Further Extension to the Possession Stay

2nd Sep 2020

In continuance of the government’s unprecedented package of measures to help ameliorate the economic effects of the Covid-19 pandemic, on 21st August 2020 the government announced that the possession stay, previously due to come to an end on 23rd August 2020, was to be extended to 20 September 2020.

The extension to stay has been effected by way of a further amendment to the Civil Procedure Rules 1998 (“the Rules”), which govern how civil cases in England and Wales (including possession claims) are dealt with by the Courts and the parties. The effect of the amendment is that all possession proceedings and all enforcement proceedings by way of writ or warrant of possession are stayed until 20th September 2020.

When a claim is stayed, this means that the Court cannot take any action in relation to it. For example, there will be no hearings and no orders, including possession orders, will be made (subject to a few exceptions set out in the Rules). Similarly, the stay on writs or warrants of possession means that where a possession order has already been made and has expired, bailiffs are unable to attend at properties to evict the tenants.

Concern has been expressed amongst landlords and members of the legal profession as to the resulting backlog of cases at County Courts across the country once the stay is lifted. In relation to this, Housing Secretary Robert Jenrick has stated that:

“When courts do resume eviction hearings they will carefully prioritise the most egregious cases, ensuring landlords are able to progress the most serious cases, such as those involving anti-social behaviour and other crimes, as well as where landlords have not received rent for over a year and would otherwise face unmanageable debts.”

It is not at this stage clear whether any further legislation or amendment to the Rules shall be introduced to effect this policy.

Interestingly, Robert Jenrick also announced, alongside the extension, that:

“The government also intends to give tenants greater protection from eviction over the winter by requiring landlords to provide tenants with 6 months’ notice in all bar those cases raising other serious issues such as those involving anti-social behaviour and domestic abuse perpetrators, until at least the end of March.”

It is not clear how or when this further measure will be introduced. The Coronavirus Act 2020, which came into force on 25th March 2020, has already had the effect of extending the notice period from 2 months to 3 months for Section 21 Notices and to 3 months (in most cases) for Section 8 Notices.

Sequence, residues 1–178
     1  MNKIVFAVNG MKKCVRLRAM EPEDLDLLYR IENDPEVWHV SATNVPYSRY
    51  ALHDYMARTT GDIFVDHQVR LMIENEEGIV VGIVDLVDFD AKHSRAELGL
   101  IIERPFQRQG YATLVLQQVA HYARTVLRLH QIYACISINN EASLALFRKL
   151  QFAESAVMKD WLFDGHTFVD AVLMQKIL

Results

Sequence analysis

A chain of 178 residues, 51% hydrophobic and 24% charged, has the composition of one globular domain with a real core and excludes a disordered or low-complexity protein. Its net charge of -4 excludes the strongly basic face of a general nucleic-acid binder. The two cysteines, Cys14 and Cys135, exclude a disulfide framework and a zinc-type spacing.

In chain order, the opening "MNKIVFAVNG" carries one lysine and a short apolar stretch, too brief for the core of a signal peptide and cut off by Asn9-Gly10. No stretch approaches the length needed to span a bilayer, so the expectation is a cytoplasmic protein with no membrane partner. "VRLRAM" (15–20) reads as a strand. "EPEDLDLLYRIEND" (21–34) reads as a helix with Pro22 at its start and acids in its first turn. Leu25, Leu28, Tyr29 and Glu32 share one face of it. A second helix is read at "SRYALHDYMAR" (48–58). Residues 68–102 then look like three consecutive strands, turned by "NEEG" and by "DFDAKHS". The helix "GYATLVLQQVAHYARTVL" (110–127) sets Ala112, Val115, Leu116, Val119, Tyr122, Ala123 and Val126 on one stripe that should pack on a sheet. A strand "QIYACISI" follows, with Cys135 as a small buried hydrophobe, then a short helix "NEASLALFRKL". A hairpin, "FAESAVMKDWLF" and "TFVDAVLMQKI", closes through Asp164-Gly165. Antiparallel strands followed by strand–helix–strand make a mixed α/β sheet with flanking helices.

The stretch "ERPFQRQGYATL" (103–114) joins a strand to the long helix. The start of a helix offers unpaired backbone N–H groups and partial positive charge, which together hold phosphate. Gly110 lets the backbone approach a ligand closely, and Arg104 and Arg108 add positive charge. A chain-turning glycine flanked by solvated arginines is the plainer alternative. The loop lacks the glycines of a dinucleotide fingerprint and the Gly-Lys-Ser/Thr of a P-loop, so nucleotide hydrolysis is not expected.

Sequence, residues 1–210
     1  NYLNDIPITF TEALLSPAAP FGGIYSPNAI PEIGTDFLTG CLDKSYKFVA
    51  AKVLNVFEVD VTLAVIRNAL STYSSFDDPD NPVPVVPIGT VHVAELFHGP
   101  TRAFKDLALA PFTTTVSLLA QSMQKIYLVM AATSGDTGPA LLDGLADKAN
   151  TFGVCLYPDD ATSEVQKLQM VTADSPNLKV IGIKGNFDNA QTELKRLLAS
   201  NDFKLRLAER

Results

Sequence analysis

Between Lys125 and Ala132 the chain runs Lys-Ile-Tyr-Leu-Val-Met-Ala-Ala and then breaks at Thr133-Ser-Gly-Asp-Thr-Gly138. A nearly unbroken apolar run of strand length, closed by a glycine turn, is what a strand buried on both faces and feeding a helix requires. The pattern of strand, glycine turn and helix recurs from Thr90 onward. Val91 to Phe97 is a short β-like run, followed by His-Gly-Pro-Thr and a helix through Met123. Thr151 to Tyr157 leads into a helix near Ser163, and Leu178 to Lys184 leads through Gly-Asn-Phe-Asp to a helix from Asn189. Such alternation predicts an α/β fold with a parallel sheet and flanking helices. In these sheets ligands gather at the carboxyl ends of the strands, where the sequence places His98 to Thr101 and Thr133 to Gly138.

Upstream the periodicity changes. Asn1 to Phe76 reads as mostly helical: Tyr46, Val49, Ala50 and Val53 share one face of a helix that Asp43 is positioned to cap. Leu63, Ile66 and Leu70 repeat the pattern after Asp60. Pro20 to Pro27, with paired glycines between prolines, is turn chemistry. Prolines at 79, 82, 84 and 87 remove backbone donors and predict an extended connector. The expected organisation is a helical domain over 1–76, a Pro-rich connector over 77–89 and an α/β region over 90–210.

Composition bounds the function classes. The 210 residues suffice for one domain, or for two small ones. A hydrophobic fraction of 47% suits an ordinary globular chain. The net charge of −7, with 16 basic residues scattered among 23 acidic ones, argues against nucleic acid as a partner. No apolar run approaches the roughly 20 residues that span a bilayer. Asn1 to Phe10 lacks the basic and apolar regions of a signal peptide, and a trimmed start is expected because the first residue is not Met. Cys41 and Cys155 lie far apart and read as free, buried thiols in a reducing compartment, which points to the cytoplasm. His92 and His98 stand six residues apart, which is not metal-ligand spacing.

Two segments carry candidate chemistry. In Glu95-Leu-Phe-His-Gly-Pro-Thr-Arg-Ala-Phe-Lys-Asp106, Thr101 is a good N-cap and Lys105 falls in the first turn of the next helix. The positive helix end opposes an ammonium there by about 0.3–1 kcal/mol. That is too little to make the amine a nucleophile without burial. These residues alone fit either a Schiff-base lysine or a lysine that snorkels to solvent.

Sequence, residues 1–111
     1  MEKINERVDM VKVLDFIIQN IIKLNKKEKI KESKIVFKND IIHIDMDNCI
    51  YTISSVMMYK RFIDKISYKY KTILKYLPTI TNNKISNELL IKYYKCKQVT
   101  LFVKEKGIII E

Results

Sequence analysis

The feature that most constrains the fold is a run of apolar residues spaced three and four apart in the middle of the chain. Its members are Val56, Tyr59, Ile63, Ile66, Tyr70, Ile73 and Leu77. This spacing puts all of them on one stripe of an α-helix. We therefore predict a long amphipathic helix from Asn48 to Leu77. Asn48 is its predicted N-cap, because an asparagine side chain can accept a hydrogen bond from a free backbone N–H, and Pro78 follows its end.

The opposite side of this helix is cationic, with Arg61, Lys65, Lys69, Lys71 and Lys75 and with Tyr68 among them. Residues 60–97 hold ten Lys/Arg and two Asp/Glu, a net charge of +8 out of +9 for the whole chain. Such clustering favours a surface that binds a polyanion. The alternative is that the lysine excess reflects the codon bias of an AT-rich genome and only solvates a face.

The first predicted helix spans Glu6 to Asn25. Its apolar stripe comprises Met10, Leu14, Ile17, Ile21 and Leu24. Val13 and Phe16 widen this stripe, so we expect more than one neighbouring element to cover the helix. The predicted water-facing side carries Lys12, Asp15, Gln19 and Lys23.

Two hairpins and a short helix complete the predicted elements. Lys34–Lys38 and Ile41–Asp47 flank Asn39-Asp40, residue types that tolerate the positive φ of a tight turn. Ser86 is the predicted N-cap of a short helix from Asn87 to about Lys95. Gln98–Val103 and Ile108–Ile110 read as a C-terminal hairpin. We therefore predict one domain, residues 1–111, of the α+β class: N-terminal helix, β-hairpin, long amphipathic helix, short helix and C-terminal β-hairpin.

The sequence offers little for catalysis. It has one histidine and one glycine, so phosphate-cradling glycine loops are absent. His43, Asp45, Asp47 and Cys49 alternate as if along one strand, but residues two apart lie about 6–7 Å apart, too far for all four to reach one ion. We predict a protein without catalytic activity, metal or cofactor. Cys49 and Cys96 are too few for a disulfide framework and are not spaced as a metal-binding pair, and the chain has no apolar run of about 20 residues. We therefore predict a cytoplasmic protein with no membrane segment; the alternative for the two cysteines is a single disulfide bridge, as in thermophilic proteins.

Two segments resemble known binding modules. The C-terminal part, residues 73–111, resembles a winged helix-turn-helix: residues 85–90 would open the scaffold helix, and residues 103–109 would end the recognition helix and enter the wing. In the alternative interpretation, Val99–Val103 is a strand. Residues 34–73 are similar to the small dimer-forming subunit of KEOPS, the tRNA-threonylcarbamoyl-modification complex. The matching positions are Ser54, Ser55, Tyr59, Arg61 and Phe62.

It remains to be seen what will happen to notices served since 25 March 2020 which provided 3 months’ notice as required by the amendments effected the Coronavirus Act 2020, whether the 6-month time limit for issuing proceedings from the date of serving a Section 21 Notices will be lifted or amended, and what grounds in schedule 2 of the Housing Act 1988 will be subject to the new notice period.

The past 5 months have shown that anything can change at very short notice, so landlords and tenants should stay alert to any future announcements.

The above changes do not mean that tenants are no longer required to pay rent, so if you are a tenant you should continue to pay the rent in accordance with your tenancy agreement. If you are unable to do so you should seek independent legal and/or financial advice and try to agree a payment plan with your landlord to minimise the arrears that build up and address those arrears once you are in a better financial position.

Similarly, if you are a landlord you should maintain contact with your tenant and if the rent is in arrears discuss with the tenant the cause of those arrears and how they might be addressed. It is also important to note that the extension of the stay does not prevent you from serving a Section 8 or 21 Notice or issuing proceedings. It just means that if you issue proceedings they will be stayed automatically. It also does not affect the validity of any possession order that has already been made; you will just need to wait until after the stay is lifted before you are able to have the tenants evicted.

If you are a landlord or a tenant and would like further advice please contact Elizabeth Gibson at eg@rogers-norton.co.uk or on 01603 675641.